Thom Achterbosch

Sustainable = healthy and profitable

The good news is that it’s possible for the EU to achieve sustainable diets and a sustainable food system within a few decades. An environmentally friendly diet tends to be healthier too. And while improved sustainability can raise production costs, sustainable food production can make the food industry more competitive. “International competition is growing in the food market, while the EU’s technological advantage is declining,” says Achterbosch. “Production systems need to change their focus from minimising costs to maximising value. We need a shift from quantitative to qualitative, for example by emphasising circularity, animal welfare or consumer experiences. Businesses are increasingly interested in adopting a wide-ranging innovation strategy. We’re helping them do that.”

Companies are already starting to participate. Work has started on a follow-up to SUSFANS based on a public-private partnership involving several large food processing companies and the World Business Council for Sustainable Development. SUSFANS is also applicable at the municipal level. Eleven EU cities including Milan are using a new EU grant to test food innovations and develop a comprehensive food policy based on SUSFANS. The data gathered under SUSFANS has also been used by European Commission policy leaders as part of a new “Farm to Fork” food strategy under the Green Deal.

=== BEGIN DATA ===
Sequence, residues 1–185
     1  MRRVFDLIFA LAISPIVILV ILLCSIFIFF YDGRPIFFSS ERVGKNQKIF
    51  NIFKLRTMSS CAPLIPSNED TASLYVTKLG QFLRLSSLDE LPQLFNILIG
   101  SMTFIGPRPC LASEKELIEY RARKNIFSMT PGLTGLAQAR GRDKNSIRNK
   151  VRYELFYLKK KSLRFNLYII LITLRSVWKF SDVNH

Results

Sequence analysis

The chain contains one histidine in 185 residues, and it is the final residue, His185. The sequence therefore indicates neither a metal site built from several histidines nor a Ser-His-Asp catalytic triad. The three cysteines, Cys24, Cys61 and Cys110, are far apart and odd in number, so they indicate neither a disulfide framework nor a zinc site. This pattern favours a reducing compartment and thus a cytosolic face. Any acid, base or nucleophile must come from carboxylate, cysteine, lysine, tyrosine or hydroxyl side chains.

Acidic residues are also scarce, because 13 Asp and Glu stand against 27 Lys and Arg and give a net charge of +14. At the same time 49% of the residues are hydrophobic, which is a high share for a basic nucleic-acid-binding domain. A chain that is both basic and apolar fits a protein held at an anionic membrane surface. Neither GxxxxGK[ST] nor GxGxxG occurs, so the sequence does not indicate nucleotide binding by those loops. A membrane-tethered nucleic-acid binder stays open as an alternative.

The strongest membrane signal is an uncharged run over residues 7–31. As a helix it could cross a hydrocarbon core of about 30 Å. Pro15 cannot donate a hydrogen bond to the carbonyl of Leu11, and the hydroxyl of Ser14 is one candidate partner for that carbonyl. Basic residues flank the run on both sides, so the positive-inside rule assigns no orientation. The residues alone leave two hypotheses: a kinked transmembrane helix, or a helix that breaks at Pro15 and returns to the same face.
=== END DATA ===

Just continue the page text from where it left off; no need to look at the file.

Food System Approach

Wageningen University & Research is using the Food System Approach to develop future-proof food systems. We have a range of scientifically proven and robust tools and methodologies to translate the complex world of food systems into practical, solid action plans for governments, investors, businesses and civil society organisations. Using a Food System Approach enables WUR to address all aspects of the food system. The approach focuses on the following domains: sufficient food for everyone, the provision of a healthy diet, a fair distribution of costs and revenues, and sustainability and preservation of biodiversity. The SUSFANS project addresses all four of these.